Mudbound takes a hard look at racism

Mudbound (above) is set in a farm in Mississippi. Director Dee Rees (left) and actress Mary J. Blige (far left) on the film set.
Mudbound (above) is set in a farm in Mississippi. Director Dee Rees and actress Mary J. Blige on the film set.PHOTOS: NETFLIX STEVE DIETL
Mudbound (above) is set in a farm in Mississippi. Director Dee Rees (left) and actress Mary J. Blige (far left) on the film set.
Mudbound is set in a farm in Mississippi. Director Dee Rees (right) and actress Mary J. Blige (left) on the film set.PHOTOS: NETFLIX STEVE DIETL

Netflix feature Mudbound takes a hard look at the economic and racial dynamics between whites and blacks in 1940s America

One of the most talked-about films heading into awards season is Mudbound, an epic story about racism in 1940s Mississippi that critics believe is the first Netflix feature to be a real Oscar contender.

A favourite on the film festival circuit this year, it has already netted actress Mary J. Blige Golden Globe and other acting nominations for her role as Florence Jackson - the matriarch of a black farming family whose relationship with the white family that owns their land changes when their young men return from war.

Speaking at a screening of the film in Los Angeles this month, director Dee Rees and actors Blige, Garrett Hedlund and Jason Mitchell say the movie - now available on Netflix - forces Americans to look at a chapter of their history many would rather not face.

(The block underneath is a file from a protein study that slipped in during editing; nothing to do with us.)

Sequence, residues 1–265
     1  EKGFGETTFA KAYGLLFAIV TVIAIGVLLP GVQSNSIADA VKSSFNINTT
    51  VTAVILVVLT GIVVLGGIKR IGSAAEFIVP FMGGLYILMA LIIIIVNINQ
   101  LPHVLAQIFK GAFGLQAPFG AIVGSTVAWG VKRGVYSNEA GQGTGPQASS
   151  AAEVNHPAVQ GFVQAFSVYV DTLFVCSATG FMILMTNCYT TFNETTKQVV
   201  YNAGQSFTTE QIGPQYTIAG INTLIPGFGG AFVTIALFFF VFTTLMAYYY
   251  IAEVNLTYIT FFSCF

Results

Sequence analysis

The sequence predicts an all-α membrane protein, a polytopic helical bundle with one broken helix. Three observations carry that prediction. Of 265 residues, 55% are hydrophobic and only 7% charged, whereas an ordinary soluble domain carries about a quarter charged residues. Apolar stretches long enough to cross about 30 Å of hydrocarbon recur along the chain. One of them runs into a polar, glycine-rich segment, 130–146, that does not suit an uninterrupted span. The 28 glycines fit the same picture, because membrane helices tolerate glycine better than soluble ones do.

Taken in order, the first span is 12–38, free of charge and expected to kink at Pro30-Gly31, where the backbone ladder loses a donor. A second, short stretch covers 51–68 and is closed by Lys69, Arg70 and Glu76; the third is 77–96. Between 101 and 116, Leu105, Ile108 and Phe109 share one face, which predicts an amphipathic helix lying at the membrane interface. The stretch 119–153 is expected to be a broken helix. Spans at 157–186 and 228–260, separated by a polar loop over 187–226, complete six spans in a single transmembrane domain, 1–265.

Yet Rees does not want to weave the usual victims-versus-villains narrative.

Instead, the film sheds light on how the United States was built on an "economic system based on oppression" and the notion of "whiteness as a currency".

It is an aspect of American slavery that is rarely discussed, notes the 40-year-old, who directed the Emmy-winning television biopic Bessie in 2015.

"In school, we're taught about the patriots and freedom, but we never really interrogate what those founders (of our country) did in the name of those ideals and this film invites us to interrogate our personal inheritance and how we come by this land, this labour," she says.

This continues to be relevant today "because of course we don't have the same economic growth as we did, because that was based on a model of free labour".

"And because we haven't looked at ourselves as a country, we continue to have this kind of cyclical behaviour" in race relations today, she adds.

Mitchell, who plays the Jacksons' son, says "so many people are unaware" of the racial and economic dynamics between whites and blacks during this period.

This is because when Americans learn about their racial past, "we just jump straight from slavery to civil rights and we never talked about this time that has such a hold on us as a society".

The 30-year-old Straight Outta Compton (2015) star says: "There's this level of hate in between us and we're just sweeping it under the rug because no one really wants to talk about it."